We said goodbye to Rotterdam this afternoon and continued on a 2.5 hour drive south to historic Maastricht, the oldest city in the Netherlands. Maastricht is full of beautiful historic districts, good restaurants and plenty of art and attractions. We were able to see the majority of the city on foot. Churches, city walls, monumental merchant houses and big squares blend in perfectly with a wide variety range of shops and restaurants. Maastricht offers a wonderful experience for foodies with several Michelin-starred restaurants, vineyards and an extensive range of regional products and dishes.
A highlight for me was to visit the Basilica of Saint Servatius where The Key of the Holy Saint Servatius is housed. It is said that the key was handed by the apostle Peter to the Holy Saint Servatius. This medieval object also serves as a symbol for the Key to the Gate of Heaven.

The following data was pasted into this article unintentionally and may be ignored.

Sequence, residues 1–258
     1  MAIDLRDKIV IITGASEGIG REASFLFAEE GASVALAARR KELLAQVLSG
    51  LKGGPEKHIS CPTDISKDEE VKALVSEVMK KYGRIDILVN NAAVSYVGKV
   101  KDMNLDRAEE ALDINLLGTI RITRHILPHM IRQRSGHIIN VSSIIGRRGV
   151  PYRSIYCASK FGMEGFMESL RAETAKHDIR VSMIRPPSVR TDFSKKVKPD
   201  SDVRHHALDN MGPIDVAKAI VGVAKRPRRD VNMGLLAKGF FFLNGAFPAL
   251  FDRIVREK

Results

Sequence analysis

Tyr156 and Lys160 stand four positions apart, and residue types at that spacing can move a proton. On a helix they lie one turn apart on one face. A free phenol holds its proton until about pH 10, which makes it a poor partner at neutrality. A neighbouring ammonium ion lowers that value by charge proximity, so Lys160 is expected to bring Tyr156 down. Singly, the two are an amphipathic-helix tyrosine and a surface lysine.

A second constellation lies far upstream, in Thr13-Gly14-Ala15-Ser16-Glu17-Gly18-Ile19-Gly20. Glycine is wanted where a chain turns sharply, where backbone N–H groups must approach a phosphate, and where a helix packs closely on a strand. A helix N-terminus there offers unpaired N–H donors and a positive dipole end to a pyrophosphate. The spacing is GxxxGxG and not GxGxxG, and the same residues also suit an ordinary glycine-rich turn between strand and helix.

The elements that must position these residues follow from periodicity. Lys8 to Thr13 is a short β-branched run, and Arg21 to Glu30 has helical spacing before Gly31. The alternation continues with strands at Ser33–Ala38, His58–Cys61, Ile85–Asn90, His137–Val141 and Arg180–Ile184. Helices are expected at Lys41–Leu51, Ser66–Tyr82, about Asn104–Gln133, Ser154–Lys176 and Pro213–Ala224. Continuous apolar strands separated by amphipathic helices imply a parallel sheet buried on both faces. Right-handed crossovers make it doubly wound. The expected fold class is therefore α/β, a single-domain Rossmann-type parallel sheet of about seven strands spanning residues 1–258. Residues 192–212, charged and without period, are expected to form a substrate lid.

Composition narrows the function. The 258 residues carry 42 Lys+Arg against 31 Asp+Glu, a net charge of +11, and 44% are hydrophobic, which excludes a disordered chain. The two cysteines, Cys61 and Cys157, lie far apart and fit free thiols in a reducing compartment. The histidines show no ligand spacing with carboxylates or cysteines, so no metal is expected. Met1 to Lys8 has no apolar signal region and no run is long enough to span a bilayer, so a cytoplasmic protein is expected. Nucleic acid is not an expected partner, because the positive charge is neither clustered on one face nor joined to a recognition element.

We spent two nights in Maastricht at the Kruisherenhotel. The former Kruisheren cloister dating from the 15th century was created by the internationally renowned interior designer Henk Vos and now stands as one of the most spectacular hotels within the Netherlands. Together with the monumental gothic church, this complex has been transformed into a designer hotel with 60 modern rooms with a restaurant located at the mezzanine in the nave of the church.
That evening we made a short 10-minute drive to the amazing Chateau Neercanne, a UNESCO World Heritage Site. Located In the magnificent Jekerdal valley, just on the Belgian border, this is the only terraced castle in the Benelux. The beautiful Baroque gardens of the 17th century castle are divided over four levels; the highest terrace offers a wonderful view over of the gardens and the magnificent valley.